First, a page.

I know that I will get some criticisms for apparently not talking in "plain english" on this topic, but don't blame me. Everyone that plots one of these curves with the label of "Verhulst" is bringing it on themselves. They have made the decision to credit an invalid premise (i.e. deterministic equations) that has an even more complex mathematical basis, so I can only fight fire with fire, so to speak.

It is essentially like we have the Wall Street financial quants with their warmed-over physics equations analyzing depletion; and we know what a mess that they created. They never understood or incorporated the "Gray Swan" fat-tail statistics in their formulations, and the depletion folks haven't been working from a valid premise either. Unless we do this right, we have no idea which way the trends will go.

And this isn't directed at you Mambo, but L.David Roper and the other depletion analysts that do the modeling and try to fit the data.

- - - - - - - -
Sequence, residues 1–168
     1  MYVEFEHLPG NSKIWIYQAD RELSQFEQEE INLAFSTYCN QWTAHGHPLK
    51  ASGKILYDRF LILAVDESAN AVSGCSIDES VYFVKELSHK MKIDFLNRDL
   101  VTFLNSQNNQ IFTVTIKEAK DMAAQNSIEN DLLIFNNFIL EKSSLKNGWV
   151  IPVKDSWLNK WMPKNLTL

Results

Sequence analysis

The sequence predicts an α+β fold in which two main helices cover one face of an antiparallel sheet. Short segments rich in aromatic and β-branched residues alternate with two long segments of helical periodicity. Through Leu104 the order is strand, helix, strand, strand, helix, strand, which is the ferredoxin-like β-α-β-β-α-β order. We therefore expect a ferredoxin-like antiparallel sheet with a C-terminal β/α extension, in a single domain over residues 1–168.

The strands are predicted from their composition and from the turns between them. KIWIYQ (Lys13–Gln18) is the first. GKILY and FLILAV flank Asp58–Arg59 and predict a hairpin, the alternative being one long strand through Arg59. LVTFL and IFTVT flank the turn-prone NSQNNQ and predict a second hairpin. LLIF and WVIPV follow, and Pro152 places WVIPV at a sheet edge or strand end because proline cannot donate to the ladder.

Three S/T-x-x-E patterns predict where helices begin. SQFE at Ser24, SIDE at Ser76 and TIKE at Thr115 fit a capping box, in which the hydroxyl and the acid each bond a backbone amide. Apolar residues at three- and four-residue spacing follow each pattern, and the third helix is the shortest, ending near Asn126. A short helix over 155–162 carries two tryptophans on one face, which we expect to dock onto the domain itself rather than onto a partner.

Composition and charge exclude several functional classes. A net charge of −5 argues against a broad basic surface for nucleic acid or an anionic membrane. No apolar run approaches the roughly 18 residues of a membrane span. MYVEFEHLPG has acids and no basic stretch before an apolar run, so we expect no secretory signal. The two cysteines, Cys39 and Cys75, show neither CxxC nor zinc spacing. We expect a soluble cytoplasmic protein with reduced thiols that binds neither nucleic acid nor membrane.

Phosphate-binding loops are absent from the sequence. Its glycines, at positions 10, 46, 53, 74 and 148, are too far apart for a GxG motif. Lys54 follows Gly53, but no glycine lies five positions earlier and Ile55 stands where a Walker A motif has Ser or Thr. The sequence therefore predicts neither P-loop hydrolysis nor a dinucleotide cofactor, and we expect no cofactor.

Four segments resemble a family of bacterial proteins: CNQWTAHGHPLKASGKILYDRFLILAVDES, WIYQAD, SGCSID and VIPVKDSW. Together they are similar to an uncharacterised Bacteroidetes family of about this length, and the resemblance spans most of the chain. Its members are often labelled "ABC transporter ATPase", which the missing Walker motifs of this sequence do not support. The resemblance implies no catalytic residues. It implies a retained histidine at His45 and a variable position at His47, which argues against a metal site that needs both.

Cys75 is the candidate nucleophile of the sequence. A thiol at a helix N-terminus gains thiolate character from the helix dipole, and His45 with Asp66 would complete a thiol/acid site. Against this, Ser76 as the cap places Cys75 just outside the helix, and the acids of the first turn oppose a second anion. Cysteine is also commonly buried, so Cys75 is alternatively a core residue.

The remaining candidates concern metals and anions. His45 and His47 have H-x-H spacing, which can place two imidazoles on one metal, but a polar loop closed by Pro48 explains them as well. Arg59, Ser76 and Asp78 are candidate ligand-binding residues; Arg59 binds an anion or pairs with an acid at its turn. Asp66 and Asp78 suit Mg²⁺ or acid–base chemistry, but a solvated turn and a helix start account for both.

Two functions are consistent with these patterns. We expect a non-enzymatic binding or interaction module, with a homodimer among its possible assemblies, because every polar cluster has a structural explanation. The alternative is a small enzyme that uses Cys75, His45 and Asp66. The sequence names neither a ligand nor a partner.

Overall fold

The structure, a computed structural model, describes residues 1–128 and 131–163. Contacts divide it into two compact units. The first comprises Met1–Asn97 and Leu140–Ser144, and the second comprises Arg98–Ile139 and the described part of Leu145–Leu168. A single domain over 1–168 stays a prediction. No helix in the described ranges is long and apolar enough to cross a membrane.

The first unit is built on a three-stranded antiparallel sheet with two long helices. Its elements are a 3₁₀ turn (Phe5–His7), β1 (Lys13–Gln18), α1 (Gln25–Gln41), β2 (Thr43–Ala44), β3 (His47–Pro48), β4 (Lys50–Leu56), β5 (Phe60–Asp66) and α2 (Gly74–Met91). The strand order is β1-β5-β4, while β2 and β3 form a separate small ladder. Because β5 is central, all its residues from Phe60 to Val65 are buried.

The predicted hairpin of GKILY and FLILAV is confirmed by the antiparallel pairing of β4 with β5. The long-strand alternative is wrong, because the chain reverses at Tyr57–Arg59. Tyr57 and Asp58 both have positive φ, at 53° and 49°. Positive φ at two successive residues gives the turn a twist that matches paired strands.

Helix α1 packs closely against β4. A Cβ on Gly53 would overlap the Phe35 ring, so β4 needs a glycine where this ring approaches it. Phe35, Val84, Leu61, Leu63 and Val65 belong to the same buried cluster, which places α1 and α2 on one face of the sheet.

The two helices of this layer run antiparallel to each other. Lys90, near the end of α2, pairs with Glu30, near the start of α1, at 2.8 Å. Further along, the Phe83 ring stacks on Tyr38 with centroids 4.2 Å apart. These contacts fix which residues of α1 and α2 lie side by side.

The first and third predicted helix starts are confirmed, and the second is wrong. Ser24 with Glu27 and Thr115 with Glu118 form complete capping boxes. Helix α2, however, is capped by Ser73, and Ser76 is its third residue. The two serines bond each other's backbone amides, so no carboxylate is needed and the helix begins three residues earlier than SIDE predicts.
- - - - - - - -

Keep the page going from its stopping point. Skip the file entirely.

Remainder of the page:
Considering the number of variables and the often questionable data, I usually take the results of models and graphs with a grain of salt (especially where commodities are involved). There is way too much incentive to slant the data. When energy and precious metals are involved I have better results tempering anyone's results with an intuitive evaluation. Not that the work you guys do isn't of value. I just use a foundation of common sense to build my decisions upon. As for energy forecasting, I think that chaos theory comes into play. Maybe some of the very successful weather modeling systems using chaos theory would be of use.